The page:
Are you affiliated with Legion of Christ in any way? Is your program inspired by Legion spirituality?
We are not. We have a relationship, but not an affiliation. Frankly, a lot of guys in the Legion of Christ took to Exodus in past year, and the Legion priests took notice, and supported it in their apostolate.
That’s what’s been so amazing to me in the last five years. We promise we’re not the next Knights of Columbus. We’re not trying to take your men away. Your men will be more free for the charism or mission you have for them. Exodus layers beautifully into preexisting apostolates. That’s why our site has a lot of partners. We don’t even list half of them.
I’m frequently in contact with people who, if they knew who else I was in contact with, they would be skeptical. But there’s nothing political about us. We are entirely independent.
My take: In our conversation, James Baxter struck me as sincere and forthright, and very focused on doing the Lord’s work. He answered all my questions as thoroughly as he could, and humbly thanked me more than once for asking the more probing questions.
I looked through some of the materials that members have access to, and they look solid, thorough, sensible, and sometimes very illuminating, and they are clear that they provide a roadmap for freedom, not a guarantee of success; and I liked that it strives to exhort men to goodness without resorting to shame as a motivator.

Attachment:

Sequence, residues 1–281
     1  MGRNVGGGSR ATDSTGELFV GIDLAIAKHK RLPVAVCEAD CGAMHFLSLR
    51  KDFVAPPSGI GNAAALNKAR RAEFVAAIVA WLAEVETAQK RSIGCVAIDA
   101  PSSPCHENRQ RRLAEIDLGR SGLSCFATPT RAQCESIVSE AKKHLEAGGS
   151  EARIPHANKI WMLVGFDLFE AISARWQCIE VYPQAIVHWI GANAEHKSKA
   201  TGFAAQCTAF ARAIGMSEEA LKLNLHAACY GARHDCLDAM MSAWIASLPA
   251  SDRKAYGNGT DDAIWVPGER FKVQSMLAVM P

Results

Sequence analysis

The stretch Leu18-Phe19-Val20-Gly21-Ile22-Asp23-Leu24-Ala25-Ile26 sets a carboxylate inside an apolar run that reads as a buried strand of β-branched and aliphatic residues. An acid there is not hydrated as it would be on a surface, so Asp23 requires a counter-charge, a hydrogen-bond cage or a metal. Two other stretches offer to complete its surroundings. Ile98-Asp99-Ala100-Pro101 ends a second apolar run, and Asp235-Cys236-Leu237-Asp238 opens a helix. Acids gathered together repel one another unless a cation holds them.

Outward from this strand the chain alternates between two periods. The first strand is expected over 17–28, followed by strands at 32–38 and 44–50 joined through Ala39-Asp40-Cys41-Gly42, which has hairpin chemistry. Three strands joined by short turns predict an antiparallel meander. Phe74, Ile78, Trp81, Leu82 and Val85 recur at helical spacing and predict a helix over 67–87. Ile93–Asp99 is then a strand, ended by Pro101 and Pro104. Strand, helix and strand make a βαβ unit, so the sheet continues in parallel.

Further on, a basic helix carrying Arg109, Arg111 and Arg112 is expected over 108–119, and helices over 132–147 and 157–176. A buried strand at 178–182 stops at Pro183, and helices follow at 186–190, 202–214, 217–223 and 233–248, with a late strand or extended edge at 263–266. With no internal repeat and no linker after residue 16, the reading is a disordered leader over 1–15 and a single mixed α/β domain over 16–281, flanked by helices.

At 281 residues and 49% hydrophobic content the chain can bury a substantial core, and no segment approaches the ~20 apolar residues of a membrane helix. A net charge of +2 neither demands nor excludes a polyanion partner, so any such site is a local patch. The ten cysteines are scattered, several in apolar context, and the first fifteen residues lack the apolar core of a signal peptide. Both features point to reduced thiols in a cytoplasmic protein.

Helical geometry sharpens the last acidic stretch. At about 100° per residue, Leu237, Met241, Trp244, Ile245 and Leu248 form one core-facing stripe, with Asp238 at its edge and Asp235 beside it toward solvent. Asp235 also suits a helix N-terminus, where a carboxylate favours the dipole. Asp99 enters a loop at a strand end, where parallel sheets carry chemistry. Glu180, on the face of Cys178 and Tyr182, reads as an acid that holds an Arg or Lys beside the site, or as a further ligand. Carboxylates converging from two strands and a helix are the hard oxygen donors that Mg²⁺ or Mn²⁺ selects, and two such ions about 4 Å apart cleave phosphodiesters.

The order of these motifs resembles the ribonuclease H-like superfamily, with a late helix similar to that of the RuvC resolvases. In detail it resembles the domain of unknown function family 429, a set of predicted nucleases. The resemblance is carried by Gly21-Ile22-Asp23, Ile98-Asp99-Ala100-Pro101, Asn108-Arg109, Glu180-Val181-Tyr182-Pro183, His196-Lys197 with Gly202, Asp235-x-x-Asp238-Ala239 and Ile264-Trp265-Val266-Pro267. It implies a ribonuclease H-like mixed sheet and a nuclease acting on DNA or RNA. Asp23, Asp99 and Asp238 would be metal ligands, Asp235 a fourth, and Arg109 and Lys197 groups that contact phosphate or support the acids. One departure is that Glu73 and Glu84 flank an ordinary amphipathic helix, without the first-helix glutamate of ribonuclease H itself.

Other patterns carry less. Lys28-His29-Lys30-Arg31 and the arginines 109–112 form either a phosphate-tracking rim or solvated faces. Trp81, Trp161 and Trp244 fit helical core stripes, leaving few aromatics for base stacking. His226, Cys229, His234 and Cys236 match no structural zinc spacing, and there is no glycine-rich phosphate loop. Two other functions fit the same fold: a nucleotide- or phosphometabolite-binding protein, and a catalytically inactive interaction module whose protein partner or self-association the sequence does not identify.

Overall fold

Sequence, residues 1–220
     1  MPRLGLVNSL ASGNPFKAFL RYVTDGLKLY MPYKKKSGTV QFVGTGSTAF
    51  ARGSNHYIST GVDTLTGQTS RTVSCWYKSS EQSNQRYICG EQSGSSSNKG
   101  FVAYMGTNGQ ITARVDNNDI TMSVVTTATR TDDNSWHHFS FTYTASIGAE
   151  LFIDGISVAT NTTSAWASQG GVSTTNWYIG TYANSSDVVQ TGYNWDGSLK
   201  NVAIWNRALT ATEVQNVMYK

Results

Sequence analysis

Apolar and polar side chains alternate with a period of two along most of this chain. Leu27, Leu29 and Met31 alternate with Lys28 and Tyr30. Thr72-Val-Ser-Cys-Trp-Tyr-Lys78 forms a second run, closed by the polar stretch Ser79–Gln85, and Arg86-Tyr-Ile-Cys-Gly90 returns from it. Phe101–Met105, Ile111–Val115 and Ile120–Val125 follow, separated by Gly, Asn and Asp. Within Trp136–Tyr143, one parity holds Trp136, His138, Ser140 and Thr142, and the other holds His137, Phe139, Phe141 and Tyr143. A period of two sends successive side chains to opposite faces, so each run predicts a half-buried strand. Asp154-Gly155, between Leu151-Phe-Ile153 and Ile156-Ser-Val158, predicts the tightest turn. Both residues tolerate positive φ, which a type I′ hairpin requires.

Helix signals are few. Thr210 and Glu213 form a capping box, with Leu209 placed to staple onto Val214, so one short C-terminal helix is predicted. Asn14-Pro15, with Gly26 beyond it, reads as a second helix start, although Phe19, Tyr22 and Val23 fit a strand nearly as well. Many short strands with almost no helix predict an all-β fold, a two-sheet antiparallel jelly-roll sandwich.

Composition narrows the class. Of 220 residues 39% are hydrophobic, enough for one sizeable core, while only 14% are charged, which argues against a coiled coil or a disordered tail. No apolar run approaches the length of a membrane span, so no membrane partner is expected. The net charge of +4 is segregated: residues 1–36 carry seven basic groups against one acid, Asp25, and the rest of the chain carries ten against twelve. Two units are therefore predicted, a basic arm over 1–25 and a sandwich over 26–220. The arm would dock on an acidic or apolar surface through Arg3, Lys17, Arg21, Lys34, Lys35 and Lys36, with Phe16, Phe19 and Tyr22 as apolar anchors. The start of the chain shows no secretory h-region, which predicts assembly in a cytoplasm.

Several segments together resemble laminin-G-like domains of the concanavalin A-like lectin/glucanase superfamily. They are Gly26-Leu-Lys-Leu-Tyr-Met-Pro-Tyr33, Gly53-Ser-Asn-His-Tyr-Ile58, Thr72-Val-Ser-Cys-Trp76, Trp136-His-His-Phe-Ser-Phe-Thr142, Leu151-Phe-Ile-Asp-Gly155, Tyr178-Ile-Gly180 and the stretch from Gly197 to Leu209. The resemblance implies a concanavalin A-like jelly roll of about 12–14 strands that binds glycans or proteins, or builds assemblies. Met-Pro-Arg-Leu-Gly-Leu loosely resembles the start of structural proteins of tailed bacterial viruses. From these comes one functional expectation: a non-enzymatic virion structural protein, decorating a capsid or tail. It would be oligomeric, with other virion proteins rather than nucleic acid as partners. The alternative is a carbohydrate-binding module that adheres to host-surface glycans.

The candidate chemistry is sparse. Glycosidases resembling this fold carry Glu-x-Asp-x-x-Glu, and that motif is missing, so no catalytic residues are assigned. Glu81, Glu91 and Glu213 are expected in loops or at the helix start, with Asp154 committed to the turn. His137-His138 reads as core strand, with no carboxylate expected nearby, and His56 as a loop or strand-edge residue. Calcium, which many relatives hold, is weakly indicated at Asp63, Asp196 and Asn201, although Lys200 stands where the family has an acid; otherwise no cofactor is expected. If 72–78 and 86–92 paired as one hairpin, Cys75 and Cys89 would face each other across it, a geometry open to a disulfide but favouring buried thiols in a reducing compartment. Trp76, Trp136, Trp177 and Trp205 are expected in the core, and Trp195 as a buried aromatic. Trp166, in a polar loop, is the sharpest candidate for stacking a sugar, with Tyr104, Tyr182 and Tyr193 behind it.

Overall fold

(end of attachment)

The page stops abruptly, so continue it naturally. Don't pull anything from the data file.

The portion guiding men through talking over the program with their wives was okay but limited, and perhaps overly optimistic about how easily couples communicate and solve differences. I could easily imagine a selfish or immature man distorting the recommendations to bulldoze over her wishes and the good of the family. I hope that future programs will put more emphasis on the idea that the wife may be a better judge than the husband about whether the burden on the family is too great.
I was very encouraged at Baxter’s insistence that the program is not for everybody, and by his awareness that they need to put more emphasis on helping men discern if the program is right for them before the sign on, and more emphasis on helping men find other programs or help if Exodus 90 isn’t right for them. This is one of the marks of a real apostolate that seeks to serve, rather than hungering for more members at any cost.
Because of the rapid growth of the program, and because it’s for laymen and doesn’t involve trained leaders, the information they put out is very vulnerable to misuse, and I’m not sure what can be done about that. There will be some bad groups full of bad guys encouraging each other to do bad things; and there are almost certainly groups that are overly focused on fitness and self-improvement, rather than on sacrifice and surrender to God. I believe this happens. I also believe that some of the groups are places where the Holy Spirit does great things and really transforms lives and families.